Computational Fluency, Math, problem solving

What Stories Live in These Equations?


Learning is embedded in memory, history and story.

British Columbia First Peoples Principles of Learning

The human brain is wired to remember stories.  In many cultures, the power of storytelling has been harnessed to teach important lessons, pass down traditions, and make sense of the world.   Storifying content can help culturally diverse learners (and all learners) build contexts for learning, identify similarities and differences, find relationships, notice how concepts fit together, and recognize a different point of view.  This is the brain’s way of weaving it all together and making learning stick.

At our November K-5 Mathematics Leadership Community we began our time together with a provocation at each table that invited teachers to them to choose an equation from a pile of possibilities and create a story to go with it.  I had seen this idea in a tweet from Janice Novakowski and was inspired to recreate it for our learners. The equations ranged from grade 1 to grade 6 content, and had the unknown part of the equation in different places within the equations.  This storifying provocation provoked learners to:

  • develop their own contexts for equation of their choosing
  • share stories with others
  • engage in conversations about creating problems and problem types
  • connect math to familiar contexts 

This provocation also allowed us, as teachers to dig into Cognitively Guided Instruction (CGI).  CGI is a research based approach to teaching mathematics that builds on children’s natural problem solving strategies within different contexts.  CGI allows teachers to identify problem types which students are comfortable working with and ones they may not be using or working with…yet.  Through identification teachers can support student learning of all problem types and applications.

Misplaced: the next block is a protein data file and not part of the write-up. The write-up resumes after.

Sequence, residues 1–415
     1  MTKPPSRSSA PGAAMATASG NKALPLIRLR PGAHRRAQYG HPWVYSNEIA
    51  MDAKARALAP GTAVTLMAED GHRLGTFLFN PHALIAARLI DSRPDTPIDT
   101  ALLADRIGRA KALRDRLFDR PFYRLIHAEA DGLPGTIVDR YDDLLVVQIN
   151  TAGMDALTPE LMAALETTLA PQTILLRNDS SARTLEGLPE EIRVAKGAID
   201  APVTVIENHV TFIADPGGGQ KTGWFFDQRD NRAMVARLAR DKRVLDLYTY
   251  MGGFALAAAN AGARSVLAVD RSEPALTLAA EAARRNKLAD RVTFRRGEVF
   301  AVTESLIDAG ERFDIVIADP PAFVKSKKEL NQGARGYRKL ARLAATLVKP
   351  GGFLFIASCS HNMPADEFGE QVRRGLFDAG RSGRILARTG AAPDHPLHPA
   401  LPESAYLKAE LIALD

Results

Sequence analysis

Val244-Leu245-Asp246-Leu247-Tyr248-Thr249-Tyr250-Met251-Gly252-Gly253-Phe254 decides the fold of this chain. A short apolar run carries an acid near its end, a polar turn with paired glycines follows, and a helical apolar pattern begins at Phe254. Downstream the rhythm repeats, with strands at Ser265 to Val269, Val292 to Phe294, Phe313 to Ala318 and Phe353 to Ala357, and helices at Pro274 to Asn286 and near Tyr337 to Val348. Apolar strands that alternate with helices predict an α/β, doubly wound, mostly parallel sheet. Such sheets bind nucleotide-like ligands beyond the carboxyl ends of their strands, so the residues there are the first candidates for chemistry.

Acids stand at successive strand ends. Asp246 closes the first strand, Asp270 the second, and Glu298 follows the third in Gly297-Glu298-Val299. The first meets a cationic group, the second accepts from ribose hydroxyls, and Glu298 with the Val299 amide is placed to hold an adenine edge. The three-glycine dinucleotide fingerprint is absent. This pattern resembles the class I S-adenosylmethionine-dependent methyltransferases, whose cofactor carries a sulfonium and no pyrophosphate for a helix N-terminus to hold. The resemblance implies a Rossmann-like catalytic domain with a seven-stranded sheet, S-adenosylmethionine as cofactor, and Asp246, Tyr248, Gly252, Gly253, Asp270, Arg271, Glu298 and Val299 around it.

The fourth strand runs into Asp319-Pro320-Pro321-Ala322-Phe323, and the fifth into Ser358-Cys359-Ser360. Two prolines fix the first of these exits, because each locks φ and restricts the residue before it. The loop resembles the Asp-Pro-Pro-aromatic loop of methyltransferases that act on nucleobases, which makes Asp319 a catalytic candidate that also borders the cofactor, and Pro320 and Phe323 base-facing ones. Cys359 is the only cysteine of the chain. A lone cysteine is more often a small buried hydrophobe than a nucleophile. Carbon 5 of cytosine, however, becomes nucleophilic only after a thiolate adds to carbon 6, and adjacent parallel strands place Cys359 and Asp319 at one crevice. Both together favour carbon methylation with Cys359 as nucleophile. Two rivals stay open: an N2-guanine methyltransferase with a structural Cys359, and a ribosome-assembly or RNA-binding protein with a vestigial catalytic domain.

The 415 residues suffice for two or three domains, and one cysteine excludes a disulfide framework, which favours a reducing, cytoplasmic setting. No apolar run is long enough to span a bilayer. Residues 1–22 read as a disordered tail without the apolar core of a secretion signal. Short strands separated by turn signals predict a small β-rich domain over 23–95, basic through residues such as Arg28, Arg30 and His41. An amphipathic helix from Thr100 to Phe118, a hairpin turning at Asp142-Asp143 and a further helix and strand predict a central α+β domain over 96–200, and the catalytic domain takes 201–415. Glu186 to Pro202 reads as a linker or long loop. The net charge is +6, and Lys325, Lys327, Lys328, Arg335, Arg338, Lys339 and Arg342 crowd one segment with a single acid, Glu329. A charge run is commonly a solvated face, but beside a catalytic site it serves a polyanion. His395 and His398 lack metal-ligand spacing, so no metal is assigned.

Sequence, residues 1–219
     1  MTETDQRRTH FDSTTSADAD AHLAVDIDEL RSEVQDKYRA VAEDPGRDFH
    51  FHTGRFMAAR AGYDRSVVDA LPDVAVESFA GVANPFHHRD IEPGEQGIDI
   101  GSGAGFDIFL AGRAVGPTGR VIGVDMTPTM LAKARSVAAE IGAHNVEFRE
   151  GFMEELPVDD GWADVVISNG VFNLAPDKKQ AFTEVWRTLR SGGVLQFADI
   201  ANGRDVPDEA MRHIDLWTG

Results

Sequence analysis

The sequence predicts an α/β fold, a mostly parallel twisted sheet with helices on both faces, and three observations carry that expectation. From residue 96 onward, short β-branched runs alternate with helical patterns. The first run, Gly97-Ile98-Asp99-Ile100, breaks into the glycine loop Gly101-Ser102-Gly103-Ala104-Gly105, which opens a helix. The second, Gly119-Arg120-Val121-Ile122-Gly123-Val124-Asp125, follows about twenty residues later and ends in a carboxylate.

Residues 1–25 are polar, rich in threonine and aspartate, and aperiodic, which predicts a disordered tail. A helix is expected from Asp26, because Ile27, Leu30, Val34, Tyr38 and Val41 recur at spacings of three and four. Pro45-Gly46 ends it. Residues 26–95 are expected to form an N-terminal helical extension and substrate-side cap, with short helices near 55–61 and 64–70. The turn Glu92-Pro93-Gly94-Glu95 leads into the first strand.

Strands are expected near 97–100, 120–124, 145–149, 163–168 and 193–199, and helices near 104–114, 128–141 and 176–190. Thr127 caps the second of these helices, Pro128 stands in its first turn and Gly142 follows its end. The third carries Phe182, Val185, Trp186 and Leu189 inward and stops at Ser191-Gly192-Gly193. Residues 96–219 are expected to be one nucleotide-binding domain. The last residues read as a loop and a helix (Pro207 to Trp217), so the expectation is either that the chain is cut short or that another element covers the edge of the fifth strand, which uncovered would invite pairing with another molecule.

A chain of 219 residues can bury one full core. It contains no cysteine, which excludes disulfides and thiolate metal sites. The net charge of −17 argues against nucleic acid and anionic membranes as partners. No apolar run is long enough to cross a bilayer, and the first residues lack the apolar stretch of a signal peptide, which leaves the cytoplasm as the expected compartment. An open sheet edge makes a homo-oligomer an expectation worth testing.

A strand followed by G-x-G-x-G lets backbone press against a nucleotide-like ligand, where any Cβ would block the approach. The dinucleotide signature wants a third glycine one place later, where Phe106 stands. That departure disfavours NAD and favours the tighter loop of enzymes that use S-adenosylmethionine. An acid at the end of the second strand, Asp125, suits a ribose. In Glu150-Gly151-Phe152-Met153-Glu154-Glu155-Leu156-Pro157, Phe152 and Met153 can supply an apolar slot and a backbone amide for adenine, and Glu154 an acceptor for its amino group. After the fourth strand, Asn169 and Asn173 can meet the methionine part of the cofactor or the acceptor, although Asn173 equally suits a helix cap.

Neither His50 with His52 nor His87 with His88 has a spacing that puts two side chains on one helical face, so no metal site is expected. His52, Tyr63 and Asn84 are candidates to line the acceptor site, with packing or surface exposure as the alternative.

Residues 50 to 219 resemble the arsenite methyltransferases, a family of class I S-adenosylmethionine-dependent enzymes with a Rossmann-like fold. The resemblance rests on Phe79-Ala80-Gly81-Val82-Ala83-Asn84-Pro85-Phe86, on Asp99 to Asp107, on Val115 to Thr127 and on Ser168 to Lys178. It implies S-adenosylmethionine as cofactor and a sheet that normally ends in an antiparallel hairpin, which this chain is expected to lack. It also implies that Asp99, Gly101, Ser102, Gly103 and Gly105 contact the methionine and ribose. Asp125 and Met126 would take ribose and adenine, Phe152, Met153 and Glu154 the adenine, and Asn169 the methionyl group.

Resources to support your provocations:

What stories live in these equations?- Provocation

What Stories Live in These Equations Picture.PNG




Story Recording Template

Equation Stories template.PNG



Cognitively Guided Instruction- Teacher Information

CGI Information.PNG

Computational Fluency, Learning, Math, number sense

Student Inquiry into Computation with Cuisenaire Rods


At our last math community meeting teachers were given an opportunity to explore the provocation shown above.  This provocation was provided to support wonder, curiosity, creativity and multiple opportunities for computation.  Teachers were able to create designs with addition, and multiplication using one of my favorite computation manipulatives…Cuisenaire rods.

I chose this activity and these manipulatives for many reasons.

  • It allows students to explore part-part-whole thinking
  • It provides opportunities for multiple computations in an engaging way
  • It brings creativity, and design into mathematics
  • It allows for collaboration, and conversation
  • Students can discover relationship, and multiple interpretations

After our professional exploration many teachers took this activity back to their classrooms and shared it with their young mathematicians.  Below are some examples of what the students came up with in classrooms.

As a follow up students can bridge the concrete to abstract continuum by recording their computations/designs pictorially and abstractly on a sheet.  Initially, recording sheets could have pictures of coloured rods to match the concrete representations the students created.  As students progress in their level of abstraction they can switch to just marking the value on the rod.  Abstractly, they would record the equation their design represents.

Below are some supports that can help you incorporate Cuisenaire rods into your classroom.

Student Desk Cards

Whole Numbers

Decimal Numbers


Build It! Draw It! Write It! Student Recording Sheet